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What Makes Data Intelligence Intelligent?

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data intelligence

Every day, trillions of data points are generated, and, in theory, organizations can harness this data to make better, more informed decisions. But it’s precisely the vast scale of available data that makes it so hard to manage. According to IDC, data professionals spend 80% of their time searching for and preparing data and only 20% on analytics. This is why business leaders are increasingly turning toward automation and AI technology to quickly locate data, assess its integrity and relevance, and achieve data intelligence.

What Is Data Intelligence?

Data intelligence refers to the capability of turning all that raw, unanalyzed data into easy-to-digest information. “Data Intelligence is the engine of automation behind managing your data, making sure that your data is well equipped, fit for purpose, and ready to use,” said Susan Laine of Quest Software in a recent interview with DATAVERSITY. “The industry has really gone full throttle into AI, automation, and data lineage so that we can better tell the story of data.”

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Laine herself is no stranger to “the story of data,” having played a key role in the emerging field of data intelligence. As the director of solution specialists and global pre-sales team at Quest, she has witnessed the data intelligence revolution unfold, placing her in a prime position to weigh in on its uses, benefits, and trends.

From Raw Data to Actionable Insights

As a specialist in her field, Laine has spent years observing clients struggling to understand the scope of their data and get value from it.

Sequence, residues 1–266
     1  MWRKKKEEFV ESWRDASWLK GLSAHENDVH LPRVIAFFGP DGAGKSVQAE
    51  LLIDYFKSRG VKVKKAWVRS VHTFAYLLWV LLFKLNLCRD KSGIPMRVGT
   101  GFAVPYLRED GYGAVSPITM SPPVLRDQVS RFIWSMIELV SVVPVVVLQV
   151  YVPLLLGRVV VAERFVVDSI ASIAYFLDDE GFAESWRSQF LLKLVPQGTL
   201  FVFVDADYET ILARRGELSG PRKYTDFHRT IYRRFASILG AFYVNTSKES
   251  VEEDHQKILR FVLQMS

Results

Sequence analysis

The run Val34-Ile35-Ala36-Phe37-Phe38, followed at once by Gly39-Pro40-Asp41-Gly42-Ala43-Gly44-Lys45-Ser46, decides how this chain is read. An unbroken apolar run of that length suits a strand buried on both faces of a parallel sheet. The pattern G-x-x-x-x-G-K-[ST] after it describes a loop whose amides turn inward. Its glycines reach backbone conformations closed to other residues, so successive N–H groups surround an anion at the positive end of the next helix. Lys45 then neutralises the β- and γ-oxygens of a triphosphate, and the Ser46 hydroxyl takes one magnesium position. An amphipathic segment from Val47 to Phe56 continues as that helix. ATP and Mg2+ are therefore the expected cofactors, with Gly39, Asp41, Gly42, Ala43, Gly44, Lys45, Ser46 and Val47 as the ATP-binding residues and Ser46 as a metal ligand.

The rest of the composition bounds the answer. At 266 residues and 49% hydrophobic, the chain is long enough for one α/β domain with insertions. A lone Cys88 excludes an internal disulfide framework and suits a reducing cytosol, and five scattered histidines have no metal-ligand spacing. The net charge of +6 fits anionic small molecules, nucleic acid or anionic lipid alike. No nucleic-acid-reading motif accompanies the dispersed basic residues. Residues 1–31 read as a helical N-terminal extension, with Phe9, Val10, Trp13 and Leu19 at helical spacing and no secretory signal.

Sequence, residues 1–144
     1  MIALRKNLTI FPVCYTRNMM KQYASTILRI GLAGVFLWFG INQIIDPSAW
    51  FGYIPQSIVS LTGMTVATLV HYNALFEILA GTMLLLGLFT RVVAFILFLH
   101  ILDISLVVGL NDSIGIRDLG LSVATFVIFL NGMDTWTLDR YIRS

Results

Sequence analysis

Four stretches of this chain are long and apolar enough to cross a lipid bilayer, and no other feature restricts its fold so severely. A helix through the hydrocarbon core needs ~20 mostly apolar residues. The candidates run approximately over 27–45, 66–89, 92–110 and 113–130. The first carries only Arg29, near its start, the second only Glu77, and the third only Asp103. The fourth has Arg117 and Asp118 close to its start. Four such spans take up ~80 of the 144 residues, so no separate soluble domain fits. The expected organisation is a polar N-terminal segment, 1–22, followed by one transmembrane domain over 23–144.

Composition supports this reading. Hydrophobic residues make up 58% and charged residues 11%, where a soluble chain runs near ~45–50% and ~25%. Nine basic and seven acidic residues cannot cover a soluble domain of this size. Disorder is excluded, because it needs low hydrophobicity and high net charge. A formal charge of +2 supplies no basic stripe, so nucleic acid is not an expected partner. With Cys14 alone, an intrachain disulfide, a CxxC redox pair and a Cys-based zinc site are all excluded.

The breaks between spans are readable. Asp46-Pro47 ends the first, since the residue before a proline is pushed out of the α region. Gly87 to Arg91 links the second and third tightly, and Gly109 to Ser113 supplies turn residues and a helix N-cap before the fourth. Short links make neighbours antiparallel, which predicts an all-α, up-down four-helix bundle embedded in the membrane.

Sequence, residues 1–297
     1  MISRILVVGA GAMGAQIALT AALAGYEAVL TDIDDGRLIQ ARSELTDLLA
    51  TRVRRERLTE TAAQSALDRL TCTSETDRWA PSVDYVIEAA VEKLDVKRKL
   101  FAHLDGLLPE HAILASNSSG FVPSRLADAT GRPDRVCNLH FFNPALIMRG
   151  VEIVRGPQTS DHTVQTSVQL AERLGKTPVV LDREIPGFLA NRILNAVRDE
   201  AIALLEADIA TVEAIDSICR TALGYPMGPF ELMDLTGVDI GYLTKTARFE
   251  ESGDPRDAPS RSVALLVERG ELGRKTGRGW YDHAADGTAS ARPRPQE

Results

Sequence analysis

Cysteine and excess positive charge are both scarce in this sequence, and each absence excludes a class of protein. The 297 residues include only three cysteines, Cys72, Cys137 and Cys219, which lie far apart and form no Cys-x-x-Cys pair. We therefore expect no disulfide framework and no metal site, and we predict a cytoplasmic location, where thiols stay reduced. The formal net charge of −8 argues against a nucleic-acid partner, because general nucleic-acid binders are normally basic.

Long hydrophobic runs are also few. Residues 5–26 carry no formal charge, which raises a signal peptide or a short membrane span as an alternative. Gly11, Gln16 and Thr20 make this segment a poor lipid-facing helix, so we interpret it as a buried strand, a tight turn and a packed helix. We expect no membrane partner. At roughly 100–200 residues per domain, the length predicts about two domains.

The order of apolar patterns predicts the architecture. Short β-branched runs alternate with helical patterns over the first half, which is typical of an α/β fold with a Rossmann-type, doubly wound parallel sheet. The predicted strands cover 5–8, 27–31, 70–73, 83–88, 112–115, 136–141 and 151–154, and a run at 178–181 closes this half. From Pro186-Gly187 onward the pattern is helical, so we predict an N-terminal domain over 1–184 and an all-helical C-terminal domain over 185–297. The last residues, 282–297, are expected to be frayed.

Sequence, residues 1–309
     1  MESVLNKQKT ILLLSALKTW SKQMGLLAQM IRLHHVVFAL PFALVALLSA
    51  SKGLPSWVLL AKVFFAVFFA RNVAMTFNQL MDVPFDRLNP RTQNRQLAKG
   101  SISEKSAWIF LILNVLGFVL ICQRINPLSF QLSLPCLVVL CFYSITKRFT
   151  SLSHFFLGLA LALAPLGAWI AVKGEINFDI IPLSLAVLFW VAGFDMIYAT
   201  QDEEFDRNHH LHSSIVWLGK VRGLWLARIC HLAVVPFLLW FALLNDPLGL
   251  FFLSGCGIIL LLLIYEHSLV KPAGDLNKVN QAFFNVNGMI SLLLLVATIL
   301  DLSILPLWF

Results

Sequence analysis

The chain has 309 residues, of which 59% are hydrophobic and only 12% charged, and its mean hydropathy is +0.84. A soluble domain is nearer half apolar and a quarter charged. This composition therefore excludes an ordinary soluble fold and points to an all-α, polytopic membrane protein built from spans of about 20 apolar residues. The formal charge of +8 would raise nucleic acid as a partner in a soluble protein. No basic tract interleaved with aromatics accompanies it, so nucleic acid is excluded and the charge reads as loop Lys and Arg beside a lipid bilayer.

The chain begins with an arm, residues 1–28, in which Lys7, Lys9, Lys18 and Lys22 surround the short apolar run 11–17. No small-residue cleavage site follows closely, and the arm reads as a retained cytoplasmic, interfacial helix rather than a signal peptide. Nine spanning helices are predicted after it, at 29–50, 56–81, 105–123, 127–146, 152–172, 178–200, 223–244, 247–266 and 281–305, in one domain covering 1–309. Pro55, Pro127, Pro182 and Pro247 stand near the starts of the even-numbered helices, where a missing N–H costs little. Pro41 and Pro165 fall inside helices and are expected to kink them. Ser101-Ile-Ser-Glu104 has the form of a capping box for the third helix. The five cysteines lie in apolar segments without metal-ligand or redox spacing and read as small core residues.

“If you just get a pile of data, that’s all you get – a pile of data. There’s no meaning, nothing behind it,” she said. “People need quick ways of getting to the context of the data. What they’re looking for is a map of exactly where their data is, how that data is moving, and how that data is described and being used.” 

Data intelligence tools can provide just that map, serving as an intermediary between a sea of data and the people who work with it. Businesses use data intelligence tools to:

  • Automate time-consuming tasks such as updating spreadsheets and tagging metadata
  • Monitor and improve data quality
  • Trace data lineage to ensure trustworthy data
  • Support and advance data governance and stewardship
  • Locate sensitive data that may pose a risk to compliance
  • Empower citizen data scientists (business users tasked with analyzing data)
  • Improve the overall visibility of an organization’s data assets
  • Enable collaboration between IT, data governance teams, and business users

While the specific practices of data intelligence may vary from organization to organization, the goal is the same: to ensure everyone in the business can trust and use their data for meaningful insights.

“End users can’t use data on a day-to-day basis if they can’t find it and don’t trust it,” explained Laine. “So, having data intelligence and immediately finding and understanding the data – for example, validating that this new AI program I have is using reliable, validated data – will make the outcomes we’re trying to achieve much more intelligent.”

Why Organizations Need Data Intelligence

A critical part of any digital transformation strategy, data intelligence empowers businesses to discover and use data assets that might otherwise be invisible or at least camouflaged. For instance, automation-powered data intelligence tools can reveal unidentified third-party data, effectively “dark matter” databases whose existence was unknown to management. The result is an acceleration of data use and a reduction in the data “bloat” so common today, said Laine: